Writing for Children – Know Your Target Age Group
Now it may seem fairly obvious that if you’re writing a book for children you will at least know what age group you’re writing for. Right?
Wrong? And I should know. I’m probably the worst culprit. Let me explain.
The number of times I’ve been sitting, musing, amazing how often that is these days, and out of nowhere comes this name, or character or idea or scene or…you get the picture. And then I pick up a pen and begin scribbling ideas down. Pretty soon there’s some kind of plot developing, and of course we need some kind of protagonist, then a couple of whacky characters that we can have fun with, and maybe an older adult figure to add some kind of reality to the whole thing……and bingo, we’re in business.
Okay, let’s make something up on the spot to try and illustrate what I’m talking about. Er….Freeman the Incredible Matchbox. (I did say ‘ridiculous’ didn’t I?) Actually, I rather like the sound of that.
Okay, by this time I’m very much into it. I love the name, Freeman, and the fact that he’s a matchbox gets me all excited with possibilities for gags about meeting other matchboxes, homeless matches, spent matches down on their luck……and I think you can see already the problems we’re causing, although I have to admit it’s great fun and I love creating something like this.
It’s at this point, of course, once I’ve jotted all the ideas down, I should have a ‘reality check’. I mean, who is this story aimed at?
But then the creative writer in me says “Who cares, let’s just go with it and see what happens and write something funny, and entertaining, and eventually everybody is going to love Freeman and his matchbox adventures”.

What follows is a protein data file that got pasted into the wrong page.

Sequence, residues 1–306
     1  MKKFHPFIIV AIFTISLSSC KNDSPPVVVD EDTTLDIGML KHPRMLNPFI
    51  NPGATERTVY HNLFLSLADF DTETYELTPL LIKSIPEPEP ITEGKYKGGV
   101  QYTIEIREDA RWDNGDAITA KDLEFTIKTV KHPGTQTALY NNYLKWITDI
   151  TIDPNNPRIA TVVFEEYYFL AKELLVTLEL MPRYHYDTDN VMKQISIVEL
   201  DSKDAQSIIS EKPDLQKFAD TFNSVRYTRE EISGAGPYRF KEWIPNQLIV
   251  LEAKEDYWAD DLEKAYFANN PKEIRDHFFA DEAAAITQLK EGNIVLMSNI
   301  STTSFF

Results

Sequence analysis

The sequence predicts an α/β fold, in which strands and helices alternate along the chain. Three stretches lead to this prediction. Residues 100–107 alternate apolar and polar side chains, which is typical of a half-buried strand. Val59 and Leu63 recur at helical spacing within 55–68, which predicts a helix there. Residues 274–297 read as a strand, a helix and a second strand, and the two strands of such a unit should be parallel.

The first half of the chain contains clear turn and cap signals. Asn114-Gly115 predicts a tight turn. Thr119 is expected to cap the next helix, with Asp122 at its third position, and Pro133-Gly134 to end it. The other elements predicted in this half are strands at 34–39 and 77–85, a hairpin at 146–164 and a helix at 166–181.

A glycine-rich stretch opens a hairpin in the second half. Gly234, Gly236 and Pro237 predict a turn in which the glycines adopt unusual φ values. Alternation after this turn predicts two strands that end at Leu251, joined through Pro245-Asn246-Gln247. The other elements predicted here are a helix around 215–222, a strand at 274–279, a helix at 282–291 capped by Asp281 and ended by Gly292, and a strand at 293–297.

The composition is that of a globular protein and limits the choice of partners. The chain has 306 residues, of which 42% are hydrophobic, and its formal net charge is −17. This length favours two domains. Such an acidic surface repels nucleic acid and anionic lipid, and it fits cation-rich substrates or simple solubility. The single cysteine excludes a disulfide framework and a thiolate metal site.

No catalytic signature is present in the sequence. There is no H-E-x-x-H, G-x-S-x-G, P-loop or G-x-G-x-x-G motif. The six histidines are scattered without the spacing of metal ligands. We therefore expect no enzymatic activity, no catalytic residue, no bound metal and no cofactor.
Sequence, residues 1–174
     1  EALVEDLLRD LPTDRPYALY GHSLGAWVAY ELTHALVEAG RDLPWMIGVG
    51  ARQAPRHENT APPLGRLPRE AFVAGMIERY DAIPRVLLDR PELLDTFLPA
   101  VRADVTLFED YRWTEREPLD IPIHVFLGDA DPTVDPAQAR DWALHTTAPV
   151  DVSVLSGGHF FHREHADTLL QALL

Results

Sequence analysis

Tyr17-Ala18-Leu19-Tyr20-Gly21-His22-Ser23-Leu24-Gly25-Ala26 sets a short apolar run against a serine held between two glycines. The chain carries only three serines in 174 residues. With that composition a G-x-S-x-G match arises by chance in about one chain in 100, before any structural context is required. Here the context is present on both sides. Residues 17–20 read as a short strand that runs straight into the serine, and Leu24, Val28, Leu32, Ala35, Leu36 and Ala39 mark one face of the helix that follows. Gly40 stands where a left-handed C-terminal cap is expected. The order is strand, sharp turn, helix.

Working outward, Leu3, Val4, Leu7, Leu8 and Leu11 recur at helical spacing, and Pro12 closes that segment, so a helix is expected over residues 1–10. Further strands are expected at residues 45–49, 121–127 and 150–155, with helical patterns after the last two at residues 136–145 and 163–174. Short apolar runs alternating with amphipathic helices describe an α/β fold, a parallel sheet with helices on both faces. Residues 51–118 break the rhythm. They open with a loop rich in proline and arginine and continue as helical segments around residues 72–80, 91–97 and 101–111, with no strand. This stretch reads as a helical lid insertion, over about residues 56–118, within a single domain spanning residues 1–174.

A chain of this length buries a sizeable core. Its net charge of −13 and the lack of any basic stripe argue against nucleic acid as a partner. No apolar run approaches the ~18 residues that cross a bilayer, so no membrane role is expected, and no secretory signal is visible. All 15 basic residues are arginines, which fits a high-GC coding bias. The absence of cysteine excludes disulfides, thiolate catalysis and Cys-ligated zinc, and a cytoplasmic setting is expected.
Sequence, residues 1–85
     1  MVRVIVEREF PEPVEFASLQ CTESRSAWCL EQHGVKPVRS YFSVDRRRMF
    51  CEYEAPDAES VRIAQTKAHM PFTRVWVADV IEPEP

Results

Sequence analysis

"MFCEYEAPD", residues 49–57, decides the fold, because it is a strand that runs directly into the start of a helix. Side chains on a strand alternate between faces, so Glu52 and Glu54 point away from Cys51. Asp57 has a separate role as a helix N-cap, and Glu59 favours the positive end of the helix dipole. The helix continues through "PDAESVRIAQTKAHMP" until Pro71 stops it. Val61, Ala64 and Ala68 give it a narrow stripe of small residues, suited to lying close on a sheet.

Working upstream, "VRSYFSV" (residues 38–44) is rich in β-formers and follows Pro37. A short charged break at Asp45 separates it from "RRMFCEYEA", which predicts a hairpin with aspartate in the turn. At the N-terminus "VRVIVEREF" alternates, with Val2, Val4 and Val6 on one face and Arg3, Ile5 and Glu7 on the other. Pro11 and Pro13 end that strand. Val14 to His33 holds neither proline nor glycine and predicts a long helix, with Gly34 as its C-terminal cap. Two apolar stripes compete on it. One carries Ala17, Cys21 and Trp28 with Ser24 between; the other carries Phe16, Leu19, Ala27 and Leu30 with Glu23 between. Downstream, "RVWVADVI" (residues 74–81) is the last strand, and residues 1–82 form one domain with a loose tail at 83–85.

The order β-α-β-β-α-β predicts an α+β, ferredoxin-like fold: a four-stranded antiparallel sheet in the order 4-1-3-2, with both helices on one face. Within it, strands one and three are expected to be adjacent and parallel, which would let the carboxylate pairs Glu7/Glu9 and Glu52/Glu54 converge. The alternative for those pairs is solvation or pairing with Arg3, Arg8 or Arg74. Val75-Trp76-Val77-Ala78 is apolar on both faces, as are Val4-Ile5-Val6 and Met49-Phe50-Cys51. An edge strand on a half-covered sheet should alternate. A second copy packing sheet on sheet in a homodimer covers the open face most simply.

But is it a book for children? And how old are these children going to be to get the jokes? And the big question is “Will the children actually ‘read’ this book or will someone have to ‘read it to them’ or is it going to be an audio book? Good questions. I never thought about that when I was having my ‘creative moment’. But of course I should have thought about it.
To prove the point, approach any teacher who works with youngsters and tell them you’ve written a book for children, and I’ll bet their first question will be “What age group is it aimed at?” And that’s because they actually work with children and know what works and what doesn’t ‘for the age group’.
So at some point you have to really research your children’s book market carefully. Read as many books from one particular age group as you can, get a feel for what level we’re working at, the language used. Try another age group, see what works there and how different it is to a group only two years younger. Writing for children is such a very specialised area, yet everybody who has ever picked up a pen or tapped away at a keyboard thinks they can do it.
To sum up, I’m not trying to put anyone off writing for children, far from it, and I’m definitely not trying to stop you being creative and coming up with amazing characters and plots etc, but what I am trying to make you do is be very clear about who your target readership is and how old they are. It’s all down to ‘research’. Get it wrong and your children’s book will end up back in your drawer. Get it right and you could be onto a winner!
And here is a book that will definitely help..available on Amazon and very good value….the Children’s Writers & Artists Yearbook 2013 – packed full of contacts, tips, and advice. You should have one of these if you are serious about writing for children.